6 Green Home Improvements You Can Make on a Budget

Source: iStock

[sc_inpost_bigbox ad_name=”energy_efficiency” position=”alignright”]It’s always best to strive for eco-friendly home improvements, but some can be daunting and even cost-prohibitive. Many green home improvements—solar panels, in particular—cost tens of thousands of dollars and can take almost a decade to pay back in savings. Fortunately, there are also many ways to make eco-friendly improvements to your home without breaking the bank. Here are some suggestions:

1. Seal Leaks

Sealing leaks is a quick and easy way to improve your home’s energy efficiency without spending a fortune. Inspect your ducts for proper insulation and check your basement, windows, attic, and doors for leaks. Use sealant, a caulking gun, weather-stripping and other materials to seal holes. Keeping the warm air in and the cold air out saves your heating or cooling system from combating a temperature fluctuation—ultimately lowering your utility bill.

2. Update Your Thermostat

If you have an outdated thermostat, consider spending a few hundred dollars to replace it with a programmable model. Not only will this help you better control your indoor temperature; it will also save you an average of ten percent on your energy bills. A programmable thermostat lets you set a desired temperature and uses an automatic temperature sensor to regulate it. Newer programmable thermostats even let you control the temperature from your phone, which comes in handy when you’re away from the house and seeing a drastic temperature change.

3. Replace Single-Pane Windows

Replacing all of your single-pane windows with thicker, double-or triple-pane windows will provide better insulation and keep unwanted heat and cold from penetrating your home. Thin, single-pane windows provide less protection from the elements, which forces your HVAC to work overtime and increases your utility bills. It’s recommended that you frame new windows in wood rather than aluminum; it adds another layer of protection and insulation against the elements.

4. Change Your Furnace Filter

Your furnace gets a lot of use in the winter, causing the filter that helps regulate airflow through the ducts to get dusty and dirty. If the filter isn’t changed or cleaned regularly, hot air is restricted from moving out of the furnace and through the ducts into your home. This forces your furnace to expend more energy, thereby increasing your utility bill. Be sure to call a heating contractor if you aren’t sure about how to change or clean the filter on your own. It’s recommended that you change the filter at least once a month, especially if you’re using the furnace on a regular basis.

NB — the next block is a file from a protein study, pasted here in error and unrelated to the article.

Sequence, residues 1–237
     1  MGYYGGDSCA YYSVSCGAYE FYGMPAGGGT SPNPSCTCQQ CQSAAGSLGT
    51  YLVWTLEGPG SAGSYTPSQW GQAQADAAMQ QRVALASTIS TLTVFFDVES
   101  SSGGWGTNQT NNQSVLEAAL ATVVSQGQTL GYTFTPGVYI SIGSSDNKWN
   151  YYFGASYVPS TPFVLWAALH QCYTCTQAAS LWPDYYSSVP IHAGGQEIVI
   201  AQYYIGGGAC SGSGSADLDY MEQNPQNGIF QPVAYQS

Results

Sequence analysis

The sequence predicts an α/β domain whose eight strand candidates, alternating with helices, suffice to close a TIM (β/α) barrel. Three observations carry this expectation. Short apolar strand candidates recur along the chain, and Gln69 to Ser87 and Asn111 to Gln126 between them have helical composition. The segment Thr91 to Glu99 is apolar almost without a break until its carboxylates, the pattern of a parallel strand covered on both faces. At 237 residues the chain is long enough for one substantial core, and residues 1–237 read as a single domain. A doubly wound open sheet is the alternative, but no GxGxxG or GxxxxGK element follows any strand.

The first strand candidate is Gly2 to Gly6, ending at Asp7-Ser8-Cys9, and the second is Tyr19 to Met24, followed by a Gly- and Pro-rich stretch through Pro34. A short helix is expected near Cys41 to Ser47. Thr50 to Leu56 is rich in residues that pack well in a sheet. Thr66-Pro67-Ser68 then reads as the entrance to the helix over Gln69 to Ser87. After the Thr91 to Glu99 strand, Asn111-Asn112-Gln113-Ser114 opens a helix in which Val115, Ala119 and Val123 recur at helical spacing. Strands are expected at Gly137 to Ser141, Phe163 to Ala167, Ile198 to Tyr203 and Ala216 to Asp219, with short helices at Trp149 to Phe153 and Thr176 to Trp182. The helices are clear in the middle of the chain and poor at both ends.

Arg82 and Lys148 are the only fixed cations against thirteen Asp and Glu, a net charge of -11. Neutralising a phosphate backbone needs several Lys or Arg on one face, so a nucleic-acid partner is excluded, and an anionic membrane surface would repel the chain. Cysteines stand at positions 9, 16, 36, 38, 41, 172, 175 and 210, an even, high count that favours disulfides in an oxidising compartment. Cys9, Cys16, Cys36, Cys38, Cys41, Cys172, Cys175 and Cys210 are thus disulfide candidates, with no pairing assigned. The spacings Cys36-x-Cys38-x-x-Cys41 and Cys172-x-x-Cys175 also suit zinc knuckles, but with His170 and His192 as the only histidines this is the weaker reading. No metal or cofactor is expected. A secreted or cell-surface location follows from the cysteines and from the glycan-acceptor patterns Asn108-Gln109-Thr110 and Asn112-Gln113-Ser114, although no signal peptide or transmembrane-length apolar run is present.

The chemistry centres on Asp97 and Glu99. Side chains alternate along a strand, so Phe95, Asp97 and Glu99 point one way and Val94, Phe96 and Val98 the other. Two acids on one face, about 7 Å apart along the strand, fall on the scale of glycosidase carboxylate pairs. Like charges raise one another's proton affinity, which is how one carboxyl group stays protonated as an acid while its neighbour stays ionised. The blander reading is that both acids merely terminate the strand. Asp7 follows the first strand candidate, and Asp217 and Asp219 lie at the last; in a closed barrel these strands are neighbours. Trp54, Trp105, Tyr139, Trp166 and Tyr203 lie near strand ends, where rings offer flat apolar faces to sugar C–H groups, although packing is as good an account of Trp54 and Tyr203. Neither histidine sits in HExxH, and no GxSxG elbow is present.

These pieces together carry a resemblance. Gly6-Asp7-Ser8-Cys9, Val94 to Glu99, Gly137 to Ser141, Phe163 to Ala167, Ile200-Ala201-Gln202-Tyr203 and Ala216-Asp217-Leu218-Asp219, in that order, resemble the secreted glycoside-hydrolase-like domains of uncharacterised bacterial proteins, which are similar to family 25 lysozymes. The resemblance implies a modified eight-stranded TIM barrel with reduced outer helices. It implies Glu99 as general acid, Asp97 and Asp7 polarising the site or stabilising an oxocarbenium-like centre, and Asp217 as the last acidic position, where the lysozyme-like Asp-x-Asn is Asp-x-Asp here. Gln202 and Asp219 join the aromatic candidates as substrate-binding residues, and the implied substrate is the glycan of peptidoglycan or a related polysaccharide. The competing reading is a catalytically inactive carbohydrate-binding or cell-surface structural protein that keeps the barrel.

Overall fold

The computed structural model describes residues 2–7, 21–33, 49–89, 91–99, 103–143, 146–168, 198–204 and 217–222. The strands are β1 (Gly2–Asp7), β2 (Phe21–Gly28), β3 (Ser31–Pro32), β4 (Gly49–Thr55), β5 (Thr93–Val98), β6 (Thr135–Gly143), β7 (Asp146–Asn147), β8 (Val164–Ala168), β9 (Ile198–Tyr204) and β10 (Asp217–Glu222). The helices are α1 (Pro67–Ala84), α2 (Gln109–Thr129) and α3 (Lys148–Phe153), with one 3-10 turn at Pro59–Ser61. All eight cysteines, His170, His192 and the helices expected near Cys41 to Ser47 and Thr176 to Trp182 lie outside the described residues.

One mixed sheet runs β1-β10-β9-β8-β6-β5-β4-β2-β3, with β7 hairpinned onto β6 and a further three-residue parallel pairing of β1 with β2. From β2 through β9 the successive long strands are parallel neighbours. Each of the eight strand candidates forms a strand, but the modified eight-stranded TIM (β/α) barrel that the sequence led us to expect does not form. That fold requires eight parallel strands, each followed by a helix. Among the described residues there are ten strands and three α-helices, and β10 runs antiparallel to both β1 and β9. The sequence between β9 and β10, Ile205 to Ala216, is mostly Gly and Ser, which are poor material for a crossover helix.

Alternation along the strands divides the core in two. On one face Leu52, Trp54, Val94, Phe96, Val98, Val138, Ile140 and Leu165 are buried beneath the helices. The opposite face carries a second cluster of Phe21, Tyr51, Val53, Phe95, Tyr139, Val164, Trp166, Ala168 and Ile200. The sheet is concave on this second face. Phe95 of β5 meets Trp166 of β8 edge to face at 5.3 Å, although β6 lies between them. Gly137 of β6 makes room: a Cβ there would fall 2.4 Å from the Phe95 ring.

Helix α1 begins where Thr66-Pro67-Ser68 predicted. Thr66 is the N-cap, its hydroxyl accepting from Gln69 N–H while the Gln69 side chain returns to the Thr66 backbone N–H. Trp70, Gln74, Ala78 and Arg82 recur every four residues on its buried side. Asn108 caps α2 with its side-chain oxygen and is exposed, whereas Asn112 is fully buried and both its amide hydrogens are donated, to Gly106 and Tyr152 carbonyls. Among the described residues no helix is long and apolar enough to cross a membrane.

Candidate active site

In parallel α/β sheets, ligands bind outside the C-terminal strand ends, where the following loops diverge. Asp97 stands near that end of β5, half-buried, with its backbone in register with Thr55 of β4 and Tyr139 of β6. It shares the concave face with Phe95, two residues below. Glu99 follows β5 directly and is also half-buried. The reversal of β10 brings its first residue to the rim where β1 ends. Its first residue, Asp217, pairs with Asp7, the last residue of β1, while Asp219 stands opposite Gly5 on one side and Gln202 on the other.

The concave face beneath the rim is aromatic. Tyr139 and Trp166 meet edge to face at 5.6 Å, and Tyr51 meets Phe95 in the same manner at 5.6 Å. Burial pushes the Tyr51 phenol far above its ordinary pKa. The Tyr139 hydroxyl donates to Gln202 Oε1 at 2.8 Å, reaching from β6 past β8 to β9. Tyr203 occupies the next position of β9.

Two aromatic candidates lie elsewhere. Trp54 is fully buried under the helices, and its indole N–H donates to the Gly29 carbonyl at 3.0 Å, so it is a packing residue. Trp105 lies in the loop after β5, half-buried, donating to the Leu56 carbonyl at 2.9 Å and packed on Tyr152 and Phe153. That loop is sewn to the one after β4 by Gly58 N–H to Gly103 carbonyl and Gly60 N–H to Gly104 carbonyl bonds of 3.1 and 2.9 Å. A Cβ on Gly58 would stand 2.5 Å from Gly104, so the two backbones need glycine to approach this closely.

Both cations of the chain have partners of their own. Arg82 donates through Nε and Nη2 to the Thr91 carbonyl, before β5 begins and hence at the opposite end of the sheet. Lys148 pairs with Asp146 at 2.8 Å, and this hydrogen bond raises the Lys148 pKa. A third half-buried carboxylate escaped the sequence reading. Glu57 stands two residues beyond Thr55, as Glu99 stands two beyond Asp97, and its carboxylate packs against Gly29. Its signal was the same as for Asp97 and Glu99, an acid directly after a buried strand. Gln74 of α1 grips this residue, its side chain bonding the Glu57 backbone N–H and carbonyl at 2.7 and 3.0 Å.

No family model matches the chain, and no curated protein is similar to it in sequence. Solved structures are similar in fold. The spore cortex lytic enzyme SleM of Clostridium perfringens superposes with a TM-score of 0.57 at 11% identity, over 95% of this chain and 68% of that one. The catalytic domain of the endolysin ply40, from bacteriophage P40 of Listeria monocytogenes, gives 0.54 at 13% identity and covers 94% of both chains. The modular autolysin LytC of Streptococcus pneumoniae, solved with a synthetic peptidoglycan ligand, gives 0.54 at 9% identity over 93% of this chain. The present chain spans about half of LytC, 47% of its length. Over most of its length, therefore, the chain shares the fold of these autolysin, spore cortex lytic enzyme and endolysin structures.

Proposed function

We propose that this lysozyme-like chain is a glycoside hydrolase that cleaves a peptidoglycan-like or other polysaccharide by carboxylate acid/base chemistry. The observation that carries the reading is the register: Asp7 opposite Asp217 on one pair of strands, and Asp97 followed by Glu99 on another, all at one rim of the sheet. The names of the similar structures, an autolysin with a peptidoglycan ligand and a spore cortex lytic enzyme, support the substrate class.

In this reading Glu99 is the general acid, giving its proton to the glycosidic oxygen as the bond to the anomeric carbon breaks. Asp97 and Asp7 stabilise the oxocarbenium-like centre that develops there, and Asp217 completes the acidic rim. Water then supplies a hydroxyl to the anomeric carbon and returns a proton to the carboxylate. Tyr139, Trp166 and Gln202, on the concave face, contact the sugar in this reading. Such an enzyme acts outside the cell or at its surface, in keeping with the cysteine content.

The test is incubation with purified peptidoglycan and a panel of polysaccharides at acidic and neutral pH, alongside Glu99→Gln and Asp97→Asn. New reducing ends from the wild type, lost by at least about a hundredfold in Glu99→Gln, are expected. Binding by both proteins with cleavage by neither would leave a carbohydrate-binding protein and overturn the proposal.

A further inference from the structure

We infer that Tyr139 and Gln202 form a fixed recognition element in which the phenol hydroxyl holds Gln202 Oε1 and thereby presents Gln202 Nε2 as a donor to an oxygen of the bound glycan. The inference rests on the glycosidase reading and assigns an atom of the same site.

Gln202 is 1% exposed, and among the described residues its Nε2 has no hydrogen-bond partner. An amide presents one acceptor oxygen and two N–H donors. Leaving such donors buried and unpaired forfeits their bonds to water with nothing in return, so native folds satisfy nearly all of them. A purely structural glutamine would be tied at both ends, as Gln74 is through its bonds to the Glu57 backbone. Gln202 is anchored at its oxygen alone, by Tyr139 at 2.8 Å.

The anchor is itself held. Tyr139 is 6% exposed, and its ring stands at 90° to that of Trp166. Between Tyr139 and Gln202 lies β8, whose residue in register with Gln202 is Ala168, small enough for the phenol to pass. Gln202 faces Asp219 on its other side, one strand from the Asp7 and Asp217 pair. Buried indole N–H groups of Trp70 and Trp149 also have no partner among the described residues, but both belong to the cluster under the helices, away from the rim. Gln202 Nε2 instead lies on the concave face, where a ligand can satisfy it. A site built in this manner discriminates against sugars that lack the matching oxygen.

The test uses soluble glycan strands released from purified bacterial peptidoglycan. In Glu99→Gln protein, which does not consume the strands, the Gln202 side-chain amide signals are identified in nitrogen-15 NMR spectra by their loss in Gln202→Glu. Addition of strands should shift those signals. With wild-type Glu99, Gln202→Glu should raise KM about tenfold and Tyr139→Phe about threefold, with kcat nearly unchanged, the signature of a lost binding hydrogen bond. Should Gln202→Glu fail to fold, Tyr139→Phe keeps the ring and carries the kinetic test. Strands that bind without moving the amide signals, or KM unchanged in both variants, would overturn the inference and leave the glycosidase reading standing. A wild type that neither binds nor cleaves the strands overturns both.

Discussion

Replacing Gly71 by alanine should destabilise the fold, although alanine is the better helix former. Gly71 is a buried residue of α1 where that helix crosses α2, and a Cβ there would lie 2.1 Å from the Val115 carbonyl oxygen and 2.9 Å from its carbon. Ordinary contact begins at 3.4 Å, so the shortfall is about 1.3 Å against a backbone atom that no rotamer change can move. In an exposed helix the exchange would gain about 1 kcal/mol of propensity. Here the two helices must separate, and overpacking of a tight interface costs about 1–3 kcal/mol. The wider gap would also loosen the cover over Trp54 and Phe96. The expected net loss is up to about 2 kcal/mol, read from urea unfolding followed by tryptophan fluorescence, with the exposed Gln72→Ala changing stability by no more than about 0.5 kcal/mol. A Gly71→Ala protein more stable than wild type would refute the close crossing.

bathroom, bathtub, shower
Source: iStock

5. Get a Low-Flow Shower Head

Most older showerheads push out a lot of water—about 5-7 gallons per minute—which wastes gallons of water every day. Replacing old showerheads with low-flow alternatives does a lot to help the environment. They still push out the same amount of water pressure, but they don’t use as much water to do it. In fact, you can buy low-flow shower heads that push out 2.5 gallons or less per minute.

[sc_inpost_ad ad_name=”save-energy”]

6. Invest in Efficient Lighting

Save electricity (and money) by replacing old fluorescent and incandescent bulbs with their LED alternatives. They’re more expensive, but they pay back quickly in reduced utility bills. Other energy-efficient lighting solutions include timers and dimmers. Timers allow you to turn your lights on or off at a specified time in you’re away from home; dimmers allow you to control how bright your lights are to set a mood or showcase a certain part of a room.

More From Life Cheat Sheet:

Want more great content like this? Sign up here to receive the best of Cheat Sheet delivered daily. No spam; just tailored content straight to your inbox.